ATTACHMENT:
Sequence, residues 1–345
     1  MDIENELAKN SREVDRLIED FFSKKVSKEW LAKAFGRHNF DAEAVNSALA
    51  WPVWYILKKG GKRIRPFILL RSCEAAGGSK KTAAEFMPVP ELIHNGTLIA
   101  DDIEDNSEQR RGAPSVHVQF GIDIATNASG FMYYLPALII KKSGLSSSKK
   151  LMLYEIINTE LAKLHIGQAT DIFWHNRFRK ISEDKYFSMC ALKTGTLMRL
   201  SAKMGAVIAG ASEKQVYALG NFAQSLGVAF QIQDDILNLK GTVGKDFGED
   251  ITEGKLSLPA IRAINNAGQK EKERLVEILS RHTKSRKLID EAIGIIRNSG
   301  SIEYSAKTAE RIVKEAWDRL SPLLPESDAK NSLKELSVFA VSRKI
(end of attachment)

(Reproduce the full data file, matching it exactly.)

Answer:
Sequence, residues 1–345
     1  MDIENELAKN SREVDRLIED FFSKKVSKEW LAKAFGRHNF DAEAVNSALA
    51  WPVWYILKKG GKRIRPFILL RSCEAAGGSK KTAAEFMPVP ELIHNGTLIA
   101  DDIEDNSEQR RGAPSVHVQF GIDIATNASG FMYYLPALII KKSGLSSSKK
   151  LMLYEIINTE LAKLHIGQAT DIFWHNRFRK ISEDKYFSMC ALKTGTLMRL
   201  SAKMGAVIAG ASEKQVYALG NFAQSLGVAF QIQDDILNLK GTVGKDFGED
   251  ITEGKLSLPA IRAINNAGQK EKERLVEILS RHTKSRKLID EAIGIIRNSG
   301  SIEYSAKTAE RIVKEAWDRL SPLLPESDAK NSLKELSVFA VSRKI